It is important during this initial phase to observe your child for signs of toileting whilst in a nappy. This may include becoming more fidgety, touching their privates, crossing legs or specific facial expressions. Note these down using our toilet learning plan to help when initiating toilet learning. 

A good activity is to try nappy free time, in short regular bursts, to get your child to move without a nappy; thus helping to develop body awareness and what it feels like to have no nappy on.  The ideal time to try this is for 30 minutes after your child has had a wee or poo. The aim being to spend it nappy free and avoiding accidents. Children will feel success in the process if they avoid accidents during this period. 

Verbalising throughout the process of toilet learning is important and using age-appropriate words to explain their body, the tools they use like a potty or toilet and what their body feels like prior to or during toileting.

Ideally your child should be having 1x soft stool per day, 4-7 wee’s per day, drinking 6-8 water-based drinks per day (approximately 1 Litre of fluid per day, not including milk-based drinks). Regular bowel and bladder habits help keep them healthy.

Problems can arise when nappies are removed and it’s important to address these before toilet [training] learning and nappy removal happens for a smoother journey. For example, if your child does not pass a stool every day, not passing enough urine, withholding stools or urine, or gets upset without a nappy on can be a sign that your child is struggling with the change in routine and learning currently. 

Things like constipation, stool or urine withholding, refusal or resistance to the change and learning or anxiety around toilet learning need to be addressed. It’s advisable to seek help and guidance in progressing further in your toileting journey.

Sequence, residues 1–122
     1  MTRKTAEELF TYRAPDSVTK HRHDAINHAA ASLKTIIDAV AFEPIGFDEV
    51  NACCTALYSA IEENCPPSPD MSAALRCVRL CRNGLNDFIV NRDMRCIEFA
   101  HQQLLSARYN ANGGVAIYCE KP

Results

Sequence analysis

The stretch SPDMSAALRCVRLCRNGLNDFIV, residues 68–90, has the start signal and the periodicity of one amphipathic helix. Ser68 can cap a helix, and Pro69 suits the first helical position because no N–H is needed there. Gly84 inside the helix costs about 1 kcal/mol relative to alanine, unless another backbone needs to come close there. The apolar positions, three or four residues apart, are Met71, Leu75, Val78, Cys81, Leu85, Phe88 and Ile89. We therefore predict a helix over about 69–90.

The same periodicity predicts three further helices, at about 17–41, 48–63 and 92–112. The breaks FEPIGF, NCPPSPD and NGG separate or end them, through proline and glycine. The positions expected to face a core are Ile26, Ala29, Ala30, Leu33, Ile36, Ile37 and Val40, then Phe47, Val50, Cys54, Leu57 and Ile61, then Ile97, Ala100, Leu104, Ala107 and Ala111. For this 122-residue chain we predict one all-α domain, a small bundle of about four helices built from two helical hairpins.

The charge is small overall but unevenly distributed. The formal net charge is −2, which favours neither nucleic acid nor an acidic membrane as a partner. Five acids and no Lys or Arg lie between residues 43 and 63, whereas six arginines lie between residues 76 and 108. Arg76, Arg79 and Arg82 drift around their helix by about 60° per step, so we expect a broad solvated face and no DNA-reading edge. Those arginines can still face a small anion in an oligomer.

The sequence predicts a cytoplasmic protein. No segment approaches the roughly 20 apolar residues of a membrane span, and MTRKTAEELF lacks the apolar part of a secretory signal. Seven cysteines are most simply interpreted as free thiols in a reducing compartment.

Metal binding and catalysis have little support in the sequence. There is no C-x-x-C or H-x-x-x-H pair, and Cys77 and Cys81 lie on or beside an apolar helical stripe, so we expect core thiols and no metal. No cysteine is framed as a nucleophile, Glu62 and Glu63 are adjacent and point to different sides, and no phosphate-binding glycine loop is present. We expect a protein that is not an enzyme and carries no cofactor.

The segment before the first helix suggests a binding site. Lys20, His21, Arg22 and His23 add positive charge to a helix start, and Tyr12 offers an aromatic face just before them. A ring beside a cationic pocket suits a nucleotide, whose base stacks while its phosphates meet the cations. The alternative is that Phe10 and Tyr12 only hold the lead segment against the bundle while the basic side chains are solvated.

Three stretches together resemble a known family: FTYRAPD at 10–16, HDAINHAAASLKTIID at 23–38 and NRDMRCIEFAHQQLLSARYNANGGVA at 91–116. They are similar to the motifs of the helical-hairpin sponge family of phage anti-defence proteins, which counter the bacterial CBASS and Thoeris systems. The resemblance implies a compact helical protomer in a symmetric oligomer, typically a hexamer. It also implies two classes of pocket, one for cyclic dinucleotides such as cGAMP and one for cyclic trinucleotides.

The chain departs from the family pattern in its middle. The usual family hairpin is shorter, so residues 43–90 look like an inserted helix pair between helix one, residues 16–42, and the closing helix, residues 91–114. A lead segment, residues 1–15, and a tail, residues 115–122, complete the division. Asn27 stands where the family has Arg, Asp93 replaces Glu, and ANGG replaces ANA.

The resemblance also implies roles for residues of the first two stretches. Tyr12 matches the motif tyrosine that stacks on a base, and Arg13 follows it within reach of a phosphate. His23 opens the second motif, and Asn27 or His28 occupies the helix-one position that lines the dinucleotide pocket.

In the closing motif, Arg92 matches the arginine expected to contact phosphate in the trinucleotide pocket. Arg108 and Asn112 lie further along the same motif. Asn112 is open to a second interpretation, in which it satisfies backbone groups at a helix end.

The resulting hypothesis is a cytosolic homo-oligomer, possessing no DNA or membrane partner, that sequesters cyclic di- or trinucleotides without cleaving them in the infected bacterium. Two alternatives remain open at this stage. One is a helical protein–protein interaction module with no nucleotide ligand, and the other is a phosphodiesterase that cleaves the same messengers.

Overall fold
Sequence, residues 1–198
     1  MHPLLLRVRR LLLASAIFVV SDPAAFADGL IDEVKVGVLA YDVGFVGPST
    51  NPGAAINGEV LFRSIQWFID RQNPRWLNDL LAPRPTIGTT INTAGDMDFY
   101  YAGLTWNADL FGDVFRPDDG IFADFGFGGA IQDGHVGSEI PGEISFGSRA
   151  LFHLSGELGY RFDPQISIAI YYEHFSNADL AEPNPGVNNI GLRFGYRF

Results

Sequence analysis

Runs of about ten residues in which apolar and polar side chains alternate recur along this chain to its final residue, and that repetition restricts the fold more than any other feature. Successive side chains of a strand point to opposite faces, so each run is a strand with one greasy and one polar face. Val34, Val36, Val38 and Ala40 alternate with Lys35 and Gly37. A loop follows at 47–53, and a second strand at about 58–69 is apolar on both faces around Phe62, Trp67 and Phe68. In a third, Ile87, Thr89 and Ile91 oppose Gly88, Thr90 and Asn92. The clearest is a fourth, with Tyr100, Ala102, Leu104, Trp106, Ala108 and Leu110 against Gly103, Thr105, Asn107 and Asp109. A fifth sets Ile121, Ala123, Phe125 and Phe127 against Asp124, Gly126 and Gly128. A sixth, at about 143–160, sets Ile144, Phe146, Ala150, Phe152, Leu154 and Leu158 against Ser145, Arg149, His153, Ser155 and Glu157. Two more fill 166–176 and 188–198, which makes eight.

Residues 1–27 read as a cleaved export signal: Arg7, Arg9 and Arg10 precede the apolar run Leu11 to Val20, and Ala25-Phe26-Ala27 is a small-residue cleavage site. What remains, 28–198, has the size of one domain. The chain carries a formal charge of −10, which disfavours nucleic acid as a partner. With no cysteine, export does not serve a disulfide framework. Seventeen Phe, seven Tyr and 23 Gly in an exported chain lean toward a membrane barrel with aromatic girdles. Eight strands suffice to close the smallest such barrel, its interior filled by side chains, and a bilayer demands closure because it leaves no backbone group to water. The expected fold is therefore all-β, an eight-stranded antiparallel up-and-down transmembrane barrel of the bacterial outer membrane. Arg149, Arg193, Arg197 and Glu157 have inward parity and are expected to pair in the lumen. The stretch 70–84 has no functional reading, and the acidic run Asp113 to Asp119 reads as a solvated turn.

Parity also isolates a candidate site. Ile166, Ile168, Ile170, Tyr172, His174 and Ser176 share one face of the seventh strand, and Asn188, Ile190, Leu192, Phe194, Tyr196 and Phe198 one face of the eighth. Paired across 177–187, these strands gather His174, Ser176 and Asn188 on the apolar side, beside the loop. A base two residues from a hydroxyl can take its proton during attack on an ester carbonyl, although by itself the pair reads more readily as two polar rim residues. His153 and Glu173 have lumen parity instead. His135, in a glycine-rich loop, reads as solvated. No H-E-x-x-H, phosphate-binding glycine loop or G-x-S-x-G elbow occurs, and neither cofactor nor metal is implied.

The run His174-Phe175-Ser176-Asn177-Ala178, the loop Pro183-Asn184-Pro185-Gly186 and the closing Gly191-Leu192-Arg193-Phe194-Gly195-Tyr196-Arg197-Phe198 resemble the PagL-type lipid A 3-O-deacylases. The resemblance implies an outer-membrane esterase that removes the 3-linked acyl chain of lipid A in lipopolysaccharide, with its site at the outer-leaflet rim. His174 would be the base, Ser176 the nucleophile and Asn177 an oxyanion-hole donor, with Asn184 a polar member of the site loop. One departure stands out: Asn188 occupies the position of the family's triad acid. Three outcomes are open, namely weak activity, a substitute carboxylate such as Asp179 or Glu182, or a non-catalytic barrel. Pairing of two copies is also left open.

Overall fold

Children have the ability to control both their bladder and bowel when they are physically ready, through skill building and body awareness, and have the desire to become dry and clean. Usually by the age of 1 year, children have stopped passing stools overnight. By the age of 2 years some children become dry during the day, however this is still early in the learning process. By the age of 3 years 90% of children will be dry during the day, however it is not uncommon for accidents, especially when they are excited, upset or concentration is on something more important. By the age of 4 years most children are reliably dry throughout the daytime. It is important to note that night-time dryness can take longer and does not happen at the same time as daytime dryness, and that is ok. 

If you think you are ready to start toilet learning, want support in starting your journey or have come to a bump in the road, please reach out to a Mama Coach, we can help you in your journey.